From a human-dog relationship, the same dynamo is in play. The dog can project its physical center of gravity on to you and feel as if you are part of its self. And then more complex systems of flow can arise to where you project your emotion center of gravity onto a toy or other object of attraction around which you and your dog are centered. And before your eyes heeling appears.
When you really boil it down its all about the elements of physics: energy, flow systems, electromagnetism, Newton’s third law of motion, etc. The above may be far more than needed when covering the basics of NDT theory, but remember this is just me rambling so that I can get my thoughts into words :).
In both Bella and Trace, the pipes are opening up. And what I mean by that is that over time as you create more and more resistance that turns into unresolved stress, the pipe through which their natural prey drive flows gets all clogged and blocks their energy from coming out in ways that are obedient. I liken it to old galvanized steel pipes. When we remodeled our bathroom in our house I had to redo all the plumbing. Our house was built in the 50s so we had the heavy galvanized steel pipes that were constantly clogging up. So, I took the reciprocating saw to them and found the nastiest, rusted out, grungiest grime that had built up over the years. So I replaced them with PVC – a nice, clear, free-flowing pipe. Anyway, today, Bella did the best down-stay she has done yet! She sustained it, she was calm and collected! Kevin was really impressed with her because she’s just had all this pent-up fear that I have always chalked up to, “oh, she’s just overly-excited” or “she’s just a sweetie-pie with a hyper-streak.” She’s inching closer and closer to becoming a whole, grounded dog.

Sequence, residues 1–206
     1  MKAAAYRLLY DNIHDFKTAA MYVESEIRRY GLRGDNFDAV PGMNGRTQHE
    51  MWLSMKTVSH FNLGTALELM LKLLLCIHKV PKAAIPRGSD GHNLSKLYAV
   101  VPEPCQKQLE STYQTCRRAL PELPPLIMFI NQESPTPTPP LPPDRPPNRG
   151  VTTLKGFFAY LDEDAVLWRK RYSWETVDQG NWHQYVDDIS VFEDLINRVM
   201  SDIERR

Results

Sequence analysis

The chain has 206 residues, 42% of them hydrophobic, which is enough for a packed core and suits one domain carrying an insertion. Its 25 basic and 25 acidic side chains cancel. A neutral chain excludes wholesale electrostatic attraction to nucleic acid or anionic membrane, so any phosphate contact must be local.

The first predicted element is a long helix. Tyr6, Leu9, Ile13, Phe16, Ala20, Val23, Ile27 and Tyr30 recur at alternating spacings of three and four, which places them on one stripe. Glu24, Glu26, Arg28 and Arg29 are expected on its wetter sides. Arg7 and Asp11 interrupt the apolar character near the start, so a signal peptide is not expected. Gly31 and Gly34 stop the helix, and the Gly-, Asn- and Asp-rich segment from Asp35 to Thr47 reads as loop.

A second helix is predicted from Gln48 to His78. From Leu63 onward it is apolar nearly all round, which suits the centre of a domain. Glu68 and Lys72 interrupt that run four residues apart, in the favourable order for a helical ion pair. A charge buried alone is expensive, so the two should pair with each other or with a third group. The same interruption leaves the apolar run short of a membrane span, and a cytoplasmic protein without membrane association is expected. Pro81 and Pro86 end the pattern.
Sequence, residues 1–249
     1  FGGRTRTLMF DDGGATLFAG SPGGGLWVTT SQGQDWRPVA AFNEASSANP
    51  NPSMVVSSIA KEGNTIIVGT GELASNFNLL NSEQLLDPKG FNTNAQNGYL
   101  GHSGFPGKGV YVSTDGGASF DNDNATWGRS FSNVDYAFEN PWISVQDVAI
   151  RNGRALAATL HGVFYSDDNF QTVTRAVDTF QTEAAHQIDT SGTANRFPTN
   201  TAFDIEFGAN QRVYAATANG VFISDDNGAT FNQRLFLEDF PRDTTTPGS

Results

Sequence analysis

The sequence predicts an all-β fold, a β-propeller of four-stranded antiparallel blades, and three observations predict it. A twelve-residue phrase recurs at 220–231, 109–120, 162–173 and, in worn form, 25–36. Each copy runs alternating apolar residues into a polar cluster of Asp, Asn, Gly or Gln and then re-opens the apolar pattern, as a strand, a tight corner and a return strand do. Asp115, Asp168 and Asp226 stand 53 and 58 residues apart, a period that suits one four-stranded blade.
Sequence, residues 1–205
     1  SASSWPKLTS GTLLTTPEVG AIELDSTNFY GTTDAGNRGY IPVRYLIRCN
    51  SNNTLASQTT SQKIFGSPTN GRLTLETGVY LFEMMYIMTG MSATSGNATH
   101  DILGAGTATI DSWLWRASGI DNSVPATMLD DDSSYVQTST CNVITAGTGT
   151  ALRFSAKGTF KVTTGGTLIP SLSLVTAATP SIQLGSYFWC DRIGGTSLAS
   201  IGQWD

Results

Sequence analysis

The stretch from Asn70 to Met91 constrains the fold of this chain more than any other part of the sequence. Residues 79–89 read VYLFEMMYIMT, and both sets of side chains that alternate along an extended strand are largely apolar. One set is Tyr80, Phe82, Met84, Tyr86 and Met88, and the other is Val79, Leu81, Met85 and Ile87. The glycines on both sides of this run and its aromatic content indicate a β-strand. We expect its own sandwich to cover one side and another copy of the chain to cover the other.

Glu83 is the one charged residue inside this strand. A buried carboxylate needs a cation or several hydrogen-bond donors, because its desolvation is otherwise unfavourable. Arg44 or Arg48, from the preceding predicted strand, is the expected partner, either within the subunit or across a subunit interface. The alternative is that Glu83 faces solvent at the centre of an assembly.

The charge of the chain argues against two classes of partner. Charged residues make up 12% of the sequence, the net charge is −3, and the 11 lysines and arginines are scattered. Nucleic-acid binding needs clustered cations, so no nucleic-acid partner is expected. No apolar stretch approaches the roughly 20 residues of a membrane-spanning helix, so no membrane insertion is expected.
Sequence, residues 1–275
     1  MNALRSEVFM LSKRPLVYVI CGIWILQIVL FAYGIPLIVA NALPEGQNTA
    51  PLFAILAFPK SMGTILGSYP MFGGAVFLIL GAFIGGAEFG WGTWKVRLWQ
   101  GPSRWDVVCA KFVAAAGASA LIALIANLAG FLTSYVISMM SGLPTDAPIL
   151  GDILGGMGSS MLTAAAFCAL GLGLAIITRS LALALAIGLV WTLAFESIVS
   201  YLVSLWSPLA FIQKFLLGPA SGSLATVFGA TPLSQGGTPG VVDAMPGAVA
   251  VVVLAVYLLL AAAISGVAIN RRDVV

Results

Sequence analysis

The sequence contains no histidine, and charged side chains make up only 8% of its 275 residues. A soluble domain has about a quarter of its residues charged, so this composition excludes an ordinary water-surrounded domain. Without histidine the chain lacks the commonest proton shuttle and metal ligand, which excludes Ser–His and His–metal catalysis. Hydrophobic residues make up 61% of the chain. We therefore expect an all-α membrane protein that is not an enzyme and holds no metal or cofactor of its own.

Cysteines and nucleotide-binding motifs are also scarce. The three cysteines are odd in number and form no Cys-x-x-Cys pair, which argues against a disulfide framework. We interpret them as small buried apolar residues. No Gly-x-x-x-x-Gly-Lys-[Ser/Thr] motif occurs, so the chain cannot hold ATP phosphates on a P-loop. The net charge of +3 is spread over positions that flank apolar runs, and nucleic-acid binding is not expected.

Then there’s Trace. Kevin got me to resonate with the heart-to-heart connection after today’s work with Trace. So, the last week we’ve been trying to help Trace sustain his focus into a flow pattern after three years of tuning me out and taking the path of least resistance. The horizon, the squirrels, anything but me became the negative, the path of least resistance. We’ve been helping him begin to focus on me as a pathway to higher levels sustained flow through bite work, box work, and some healing/pushing. So, we tested him on the trails this morning, working within 20-30 yard segments of rough-up-and-chase. He was coming at me much quicker than a week ago and jumping up to make contact. He still broke focus here and there but he took food upon jumping and pushing and barking. Then we had him out on the trolley line and he had his breakthrough moment where he had two, I repeat TWO, sustained bite and tugs in a row. I was grinning from ear-to-ear as was Kevin and that was worth clapping in applause for Trace. But the moment of sweetness came about 20 minutes after we had left him secured in the woods by himself. Kevin and I were back at the lawn in front of the barn, a good 200 yards away from Trace’s location in the woods, well out of sight. We were working with another dog when all of a sudden we heard howling echoing through the air. I had never heard him howl so deep like that before. It was like a wolf in the wild – so serene, and from the heart. I asked Kevin about it and he said Trace was yearning for me, “the pipe is opening up.”